Secondly, I got the feeling that the book is written with a certain amount of knowledge of the source material (especially the writings of H.P. Lovecraft) pre-assumed. I've personally only read a smattering of Lovecraft, and found myself a little confused by the unexplained references to things like Old Ones, the Great Race, Primordial Ones, etc, and the relation all these beings have to Carcosa. A very small introductory passage, describing what these Mythos races have been up to on Carcosa (similar to the section describing the races of Men on Carcosa), would have been much appreciated. As it is, the book launches straight into a section on "Technological Artifacts of the Great Race", before any mention has been made as to who or what the Great Race are.

Lastly, despite the physical beauty of the book, I wonder how practical the A5 format is for use at the gaming table. It's not possible to lay it flat open at a page, for example, which is possible with traditional full-size RPG books.

So, those minor issues aside, here's why I love it!

Firstly, purely as a physical artefact, the book is beautiful. It's definitely the best looking gaming book I own. The artwork, layout and quality of construction are all top notch. Clearly a lot of effort has gone into these things, and it has really paid off.

Secondly, as an RPG sourcebook, it did what good examples of such books should do -- made me want to play! Reading through it, the mind is filled with so much amazing imagery, and presented with so many interesting situations, monsters, encounters and treasures, that one cannot help but immediately think about how awesome it would be to use this stuff in play.

Aside from the vividly described details of the setting, one thing which really struck me as well was how usable and flexible the content is. It is fairly light on mechanics, meaning that it'd be easy to use with any version of D&D (or clones), and a good number of other RPGs as well, no doubt. Completely unexpectedly, I was eager to use Carcosa not only with Labyrinth Lord (my D&D flavour of choice), but also with Mutant Future, and even Call of Cthulhu! In fact, I pretty much concluded that I'd use an unholy hybrid of the three to run games in Carcosa (more on this another time).

As to the controversial ritual sorcery, it is very horrid. To be honest I can't really imagine running a game where the PCs were the ones doing this kind of thing. But from the point of view of flavour it really adds a lot to the setting, and even if the PCs only come across others performing these rituals, or encounter them in old tomes or libraries, the presence of such magic would weigh heavily on the mood.

In conclusion, this is a first class RPG supplement, and may perhaps gain the honour of being the first pre-written setting that I will actually make any use of!

Monday, 2 January 2012

2011 retrospective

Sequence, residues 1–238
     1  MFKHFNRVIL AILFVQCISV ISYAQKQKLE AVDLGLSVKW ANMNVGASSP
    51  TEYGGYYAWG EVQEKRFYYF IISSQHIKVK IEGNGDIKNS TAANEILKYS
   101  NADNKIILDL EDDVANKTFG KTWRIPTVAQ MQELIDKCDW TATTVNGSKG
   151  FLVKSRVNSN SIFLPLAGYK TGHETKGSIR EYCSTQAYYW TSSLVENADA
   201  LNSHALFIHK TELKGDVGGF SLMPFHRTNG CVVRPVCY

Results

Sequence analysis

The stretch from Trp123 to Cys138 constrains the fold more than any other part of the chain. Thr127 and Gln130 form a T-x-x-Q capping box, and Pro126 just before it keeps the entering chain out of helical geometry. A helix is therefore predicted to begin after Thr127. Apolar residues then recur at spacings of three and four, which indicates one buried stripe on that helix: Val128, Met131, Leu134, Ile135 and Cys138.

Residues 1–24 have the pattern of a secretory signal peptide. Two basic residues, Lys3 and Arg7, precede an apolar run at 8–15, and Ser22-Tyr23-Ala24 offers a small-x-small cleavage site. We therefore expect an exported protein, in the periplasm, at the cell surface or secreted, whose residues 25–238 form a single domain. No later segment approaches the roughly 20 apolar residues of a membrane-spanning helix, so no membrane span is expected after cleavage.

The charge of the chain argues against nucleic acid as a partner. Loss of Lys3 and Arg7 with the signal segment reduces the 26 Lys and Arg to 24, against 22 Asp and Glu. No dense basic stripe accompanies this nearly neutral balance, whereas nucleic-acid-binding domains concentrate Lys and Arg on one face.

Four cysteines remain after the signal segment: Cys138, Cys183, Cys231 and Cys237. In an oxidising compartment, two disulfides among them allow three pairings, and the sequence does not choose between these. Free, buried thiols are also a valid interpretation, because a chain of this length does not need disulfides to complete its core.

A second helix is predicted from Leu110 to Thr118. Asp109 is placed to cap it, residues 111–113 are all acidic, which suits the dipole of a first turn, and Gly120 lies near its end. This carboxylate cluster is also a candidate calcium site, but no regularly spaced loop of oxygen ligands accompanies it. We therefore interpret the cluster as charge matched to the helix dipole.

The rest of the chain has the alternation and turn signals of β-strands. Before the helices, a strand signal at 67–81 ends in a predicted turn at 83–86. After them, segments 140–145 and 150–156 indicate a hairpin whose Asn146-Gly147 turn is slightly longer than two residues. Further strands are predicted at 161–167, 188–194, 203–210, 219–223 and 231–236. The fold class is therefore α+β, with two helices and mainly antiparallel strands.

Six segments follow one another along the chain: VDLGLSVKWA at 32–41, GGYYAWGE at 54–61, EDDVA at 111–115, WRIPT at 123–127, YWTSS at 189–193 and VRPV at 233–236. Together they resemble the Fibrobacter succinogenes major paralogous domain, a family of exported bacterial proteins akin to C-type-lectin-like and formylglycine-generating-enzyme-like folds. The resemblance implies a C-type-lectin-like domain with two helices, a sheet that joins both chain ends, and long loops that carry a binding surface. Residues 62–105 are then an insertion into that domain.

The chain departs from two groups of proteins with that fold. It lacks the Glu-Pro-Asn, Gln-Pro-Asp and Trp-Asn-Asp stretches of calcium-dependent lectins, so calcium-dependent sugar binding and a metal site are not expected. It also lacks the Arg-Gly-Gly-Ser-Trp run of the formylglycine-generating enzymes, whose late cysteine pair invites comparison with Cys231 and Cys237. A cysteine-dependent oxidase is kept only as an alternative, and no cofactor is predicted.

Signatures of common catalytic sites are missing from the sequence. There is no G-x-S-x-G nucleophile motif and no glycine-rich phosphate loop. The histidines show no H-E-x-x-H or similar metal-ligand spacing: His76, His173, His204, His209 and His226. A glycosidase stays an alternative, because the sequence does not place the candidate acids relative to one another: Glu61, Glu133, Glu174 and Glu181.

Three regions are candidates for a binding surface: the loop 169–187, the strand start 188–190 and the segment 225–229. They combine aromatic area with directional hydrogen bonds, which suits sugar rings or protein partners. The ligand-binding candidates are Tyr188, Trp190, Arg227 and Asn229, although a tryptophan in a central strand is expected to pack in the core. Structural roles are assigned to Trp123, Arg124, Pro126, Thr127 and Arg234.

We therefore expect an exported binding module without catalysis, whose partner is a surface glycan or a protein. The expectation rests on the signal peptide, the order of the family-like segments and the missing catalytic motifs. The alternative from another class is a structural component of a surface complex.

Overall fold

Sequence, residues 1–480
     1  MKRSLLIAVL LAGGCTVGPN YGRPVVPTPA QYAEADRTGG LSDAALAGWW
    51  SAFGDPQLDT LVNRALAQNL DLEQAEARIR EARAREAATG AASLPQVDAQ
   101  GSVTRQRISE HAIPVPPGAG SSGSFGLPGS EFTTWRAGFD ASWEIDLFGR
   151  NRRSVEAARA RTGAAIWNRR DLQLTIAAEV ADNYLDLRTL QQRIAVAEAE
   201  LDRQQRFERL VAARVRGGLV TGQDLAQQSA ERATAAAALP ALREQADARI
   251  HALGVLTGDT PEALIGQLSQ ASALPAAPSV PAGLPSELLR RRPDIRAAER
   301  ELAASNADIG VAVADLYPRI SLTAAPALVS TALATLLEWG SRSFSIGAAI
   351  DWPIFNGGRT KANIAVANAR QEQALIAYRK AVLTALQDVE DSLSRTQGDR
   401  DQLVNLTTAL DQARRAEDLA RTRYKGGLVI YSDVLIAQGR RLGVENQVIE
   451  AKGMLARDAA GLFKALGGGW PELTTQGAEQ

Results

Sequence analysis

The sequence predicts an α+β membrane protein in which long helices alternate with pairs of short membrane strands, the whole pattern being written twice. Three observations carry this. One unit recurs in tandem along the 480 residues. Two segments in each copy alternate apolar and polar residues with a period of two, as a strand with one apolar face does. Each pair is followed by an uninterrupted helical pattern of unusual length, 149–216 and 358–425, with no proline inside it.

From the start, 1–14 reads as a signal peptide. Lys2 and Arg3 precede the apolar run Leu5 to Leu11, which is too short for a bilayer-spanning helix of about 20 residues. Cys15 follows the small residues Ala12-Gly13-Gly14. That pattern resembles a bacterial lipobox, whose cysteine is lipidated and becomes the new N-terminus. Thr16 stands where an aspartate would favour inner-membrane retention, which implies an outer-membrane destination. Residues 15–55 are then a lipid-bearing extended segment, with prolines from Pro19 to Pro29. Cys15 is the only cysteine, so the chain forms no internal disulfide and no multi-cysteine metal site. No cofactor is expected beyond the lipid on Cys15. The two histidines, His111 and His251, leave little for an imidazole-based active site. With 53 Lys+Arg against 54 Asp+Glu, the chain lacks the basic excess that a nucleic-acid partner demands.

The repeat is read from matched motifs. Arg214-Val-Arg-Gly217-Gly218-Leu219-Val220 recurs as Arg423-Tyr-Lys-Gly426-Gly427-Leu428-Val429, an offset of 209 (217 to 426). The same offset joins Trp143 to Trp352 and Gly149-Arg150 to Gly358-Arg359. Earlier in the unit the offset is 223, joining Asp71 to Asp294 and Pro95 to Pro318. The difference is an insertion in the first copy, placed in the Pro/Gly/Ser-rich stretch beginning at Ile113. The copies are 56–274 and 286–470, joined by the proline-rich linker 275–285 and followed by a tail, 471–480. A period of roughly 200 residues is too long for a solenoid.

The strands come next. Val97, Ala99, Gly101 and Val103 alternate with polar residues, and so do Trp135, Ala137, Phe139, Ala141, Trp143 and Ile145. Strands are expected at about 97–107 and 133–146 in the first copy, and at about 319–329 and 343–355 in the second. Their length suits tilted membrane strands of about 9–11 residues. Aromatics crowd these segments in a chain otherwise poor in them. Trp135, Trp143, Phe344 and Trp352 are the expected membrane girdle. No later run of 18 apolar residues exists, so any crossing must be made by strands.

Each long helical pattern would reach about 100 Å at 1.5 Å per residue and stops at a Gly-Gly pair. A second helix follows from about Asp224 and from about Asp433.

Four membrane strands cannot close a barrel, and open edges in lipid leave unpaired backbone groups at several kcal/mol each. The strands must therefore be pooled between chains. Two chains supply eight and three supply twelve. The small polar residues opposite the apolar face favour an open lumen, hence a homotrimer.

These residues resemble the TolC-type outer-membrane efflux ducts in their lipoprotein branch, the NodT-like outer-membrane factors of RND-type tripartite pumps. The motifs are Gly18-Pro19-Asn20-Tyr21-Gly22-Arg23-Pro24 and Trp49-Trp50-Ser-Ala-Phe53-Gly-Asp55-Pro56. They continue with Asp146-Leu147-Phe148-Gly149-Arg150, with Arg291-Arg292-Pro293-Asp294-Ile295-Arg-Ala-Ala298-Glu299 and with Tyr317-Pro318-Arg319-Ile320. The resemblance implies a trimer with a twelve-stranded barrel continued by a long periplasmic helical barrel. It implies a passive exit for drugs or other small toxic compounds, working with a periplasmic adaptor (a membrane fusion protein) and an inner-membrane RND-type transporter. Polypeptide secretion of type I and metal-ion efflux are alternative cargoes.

2011 was the year I properly launched myself into the OSR. On Jan 16th I DMed my first game of Labyrinth Lord, and that, as they say, was that -- I've not looked back since.

As some others in the blogosphere have been doing, I thought I'd kick off 2012 with a look back at what I got up to in the previous year. Just looking through the posts I made last year, I've picked out one or two each month, which for me are defining moments.
  1. In January, I played old-school D&D for the first time in many years, and put the finishing touches on my Tome of the Spider Mage.
  2. In February, I published a PDF of my Elementalist class for Labyrinth Lord, and wrote about psychoactive substances for adventurers.
  3. In March, I wrote some nice illusionist spells dealing with prisms.
  4. In April, I participated in the A-Z challenge, which ended up in the publication of a PDF with a load of new spells: An Arcane Alphabet.
  5. In May, I decided to run my first game at a con, and wrote an amusing little historical piece about orcs in my campaign world.
  6. In June, I decided to write a book!
  7. In July, I won something.
  8. In August, I published a PDF of my Necromancer class for Labyrinth Lord.
  9. In September, I didn't do that much, but I did name the book.
  10. In October, I had an idea for an online collection of old-school monsters, which Alex Schröder kindly realised during the night, while I slept! It unfortunately hasn't gotten the attention it deserves, so go and check it out right now!
  11. In November, I finished the draft version of my book, and had some amusing conversation about what happens to playerless PCs in a dungeon.
  12. In December, I didn't do much, but I did draw a funny picture.
All in all 2011 was a great year for my old-school gaming activities! Looking forward to more this year -- including, of course, the completion and publication of Theorems & Thaumaturgy!

Happy 2012 everyone!